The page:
Human parturition at term and preterm is an inflammatory process synchronously executed by both fetomaternal tissues to transition them from a quiescent state t an active state of labor to ensure delivery. The initiators of the inflammatory signaling mechanism can be both maternal and fetal. The placental (fetal)-maternal immune and endocrine mediated homeostatic imbalances and inflammation are well reported. However, the fetal inflammatory response (FIR) theories initiated by the fetal membranes (amniochorion) at the choriodecidual interface are not well established. Although immune cell migration, activation, and production of proparturition cytokines to the fetal membranes are reported, cellular level events that can generate a unique set of inflammation are not well discussed. This review discusses derangements to fetal membrane cells (physiologically and pathologically at term and preterm, respectively) in response to both endogenous and exogenous factors to generate inflammatory signals. In addition, the mechanisms of inflammatory signal propagation (fetal signaling of parturition) and how these signals cause immune imbalances at the choriodecidual interface are discussed. In addition to maternal inflammation, this review projects FIR as an additional mediator of inflammatory overload required to promote parturition.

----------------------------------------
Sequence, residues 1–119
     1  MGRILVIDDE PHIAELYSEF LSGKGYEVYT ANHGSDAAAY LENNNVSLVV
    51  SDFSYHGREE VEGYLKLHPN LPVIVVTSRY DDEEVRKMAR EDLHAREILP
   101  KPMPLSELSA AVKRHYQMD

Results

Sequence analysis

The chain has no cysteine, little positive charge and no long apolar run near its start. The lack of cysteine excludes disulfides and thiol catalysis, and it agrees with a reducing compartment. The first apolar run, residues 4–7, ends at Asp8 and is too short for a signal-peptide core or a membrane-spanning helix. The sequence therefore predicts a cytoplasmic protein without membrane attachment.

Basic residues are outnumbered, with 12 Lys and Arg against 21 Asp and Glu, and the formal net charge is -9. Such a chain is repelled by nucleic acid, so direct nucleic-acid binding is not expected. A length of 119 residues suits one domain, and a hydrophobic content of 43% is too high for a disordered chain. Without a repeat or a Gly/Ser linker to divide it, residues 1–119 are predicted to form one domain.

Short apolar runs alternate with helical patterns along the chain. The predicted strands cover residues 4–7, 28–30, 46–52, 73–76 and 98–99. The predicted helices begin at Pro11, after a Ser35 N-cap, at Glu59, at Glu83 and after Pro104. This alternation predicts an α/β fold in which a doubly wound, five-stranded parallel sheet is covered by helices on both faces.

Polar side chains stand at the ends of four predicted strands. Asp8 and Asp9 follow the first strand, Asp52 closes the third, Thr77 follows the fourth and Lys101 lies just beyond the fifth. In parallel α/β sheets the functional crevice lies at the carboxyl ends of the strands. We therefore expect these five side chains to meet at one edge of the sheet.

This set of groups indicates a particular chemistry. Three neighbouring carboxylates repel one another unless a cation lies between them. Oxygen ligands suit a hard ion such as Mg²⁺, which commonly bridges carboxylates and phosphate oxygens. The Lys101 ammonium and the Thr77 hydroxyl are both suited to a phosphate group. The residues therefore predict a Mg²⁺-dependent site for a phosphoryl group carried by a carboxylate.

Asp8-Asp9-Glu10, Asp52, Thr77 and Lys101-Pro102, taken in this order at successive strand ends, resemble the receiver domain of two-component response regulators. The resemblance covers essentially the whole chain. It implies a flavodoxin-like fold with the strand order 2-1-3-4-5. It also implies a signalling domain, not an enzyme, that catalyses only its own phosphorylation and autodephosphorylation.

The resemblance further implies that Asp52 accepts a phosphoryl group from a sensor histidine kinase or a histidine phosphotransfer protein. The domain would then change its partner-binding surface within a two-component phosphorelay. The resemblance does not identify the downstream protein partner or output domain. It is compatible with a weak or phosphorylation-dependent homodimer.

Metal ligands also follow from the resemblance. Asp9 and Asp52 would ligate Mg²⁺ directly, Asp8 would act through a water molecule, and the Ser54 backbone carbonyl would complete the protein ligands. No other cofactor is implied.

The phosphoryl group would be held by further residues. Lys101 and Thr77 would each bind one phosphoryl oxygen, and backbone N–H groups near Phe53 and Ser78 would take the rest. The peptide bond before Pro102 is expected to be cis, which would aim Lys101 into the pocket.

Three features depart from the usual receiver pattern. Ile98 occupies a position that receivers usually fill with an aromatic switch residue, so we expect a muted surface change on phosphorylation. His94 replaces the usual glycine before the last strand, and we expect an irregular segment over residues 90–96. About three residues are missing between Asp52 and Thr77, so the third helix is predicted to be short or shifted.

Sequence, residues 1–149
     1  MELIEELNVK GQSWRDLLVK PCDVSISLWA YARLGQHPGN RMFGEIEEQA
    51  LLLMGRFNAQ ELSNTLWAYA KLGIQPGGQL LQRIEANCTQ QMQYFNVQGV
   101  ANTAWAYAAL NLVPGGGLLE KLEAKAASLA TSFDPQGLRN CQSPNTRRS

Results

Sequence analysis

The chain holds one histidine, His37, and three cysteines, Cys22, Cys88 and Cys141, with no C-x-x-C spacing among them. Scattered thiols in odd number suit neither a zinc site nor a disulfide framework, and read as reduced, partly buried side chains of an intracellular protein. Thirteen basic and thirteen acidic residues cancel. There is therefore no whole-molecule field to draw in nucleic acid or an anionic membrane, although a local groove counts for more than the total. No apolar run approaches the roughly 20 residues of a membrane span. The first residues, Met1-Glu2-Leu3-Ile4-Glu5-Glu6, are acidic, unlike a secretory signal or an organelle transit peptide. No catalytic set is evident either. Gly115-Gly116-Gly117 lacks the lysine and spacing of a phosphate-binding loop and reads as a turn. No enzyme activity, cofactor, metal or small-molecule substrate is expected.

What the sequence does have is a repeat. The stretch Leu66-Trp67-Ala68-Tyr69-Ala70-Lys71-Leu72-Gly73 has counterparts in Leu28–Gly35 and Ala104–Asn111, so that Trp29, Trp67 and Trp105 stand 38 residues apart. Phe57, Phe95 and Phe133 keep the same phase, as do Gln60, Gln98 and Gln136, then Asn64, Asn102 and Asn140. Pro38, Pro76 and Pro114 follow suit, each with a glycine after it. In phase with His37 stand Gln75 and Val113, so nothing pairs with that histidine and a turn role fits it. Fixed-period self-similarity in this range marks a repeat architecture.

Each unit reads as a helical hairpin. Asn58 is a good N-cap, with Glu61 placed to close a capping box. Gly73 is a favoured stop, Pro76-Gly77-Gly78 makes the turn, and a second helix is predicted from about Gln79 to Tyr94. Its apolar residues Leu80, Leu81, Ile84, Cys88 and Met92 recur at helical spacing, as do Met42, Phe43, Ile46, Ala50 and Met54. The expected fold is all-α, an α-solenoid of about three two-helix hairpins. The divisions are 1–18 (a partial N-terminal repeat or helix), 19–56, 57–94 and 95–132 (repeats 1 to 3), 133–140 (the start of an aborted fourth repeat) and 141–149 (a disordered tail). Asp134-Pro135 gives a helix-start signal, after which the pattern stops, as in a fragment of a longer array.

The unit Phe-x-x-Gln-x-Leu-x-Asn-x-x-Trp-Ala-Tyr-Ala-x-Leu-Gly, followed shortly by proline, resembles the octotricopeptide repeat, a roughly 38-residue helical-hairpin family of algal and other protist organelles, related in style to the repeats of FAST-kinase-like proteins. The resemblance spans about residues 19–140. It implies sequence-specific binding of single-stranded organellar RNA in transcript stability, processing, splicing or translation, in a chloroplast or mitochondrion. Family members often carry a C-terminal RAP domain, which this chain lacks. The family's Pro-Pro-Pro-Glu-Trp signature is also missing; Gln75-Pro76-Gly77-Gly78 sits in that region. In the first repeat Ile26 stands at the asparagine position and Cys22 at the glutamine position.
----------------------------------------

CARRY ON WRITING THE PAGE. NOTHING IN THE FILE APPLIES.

- premature rupture of the membranes
- preterm birth
ASJC Scopus subject areas
- Immunology and Allergy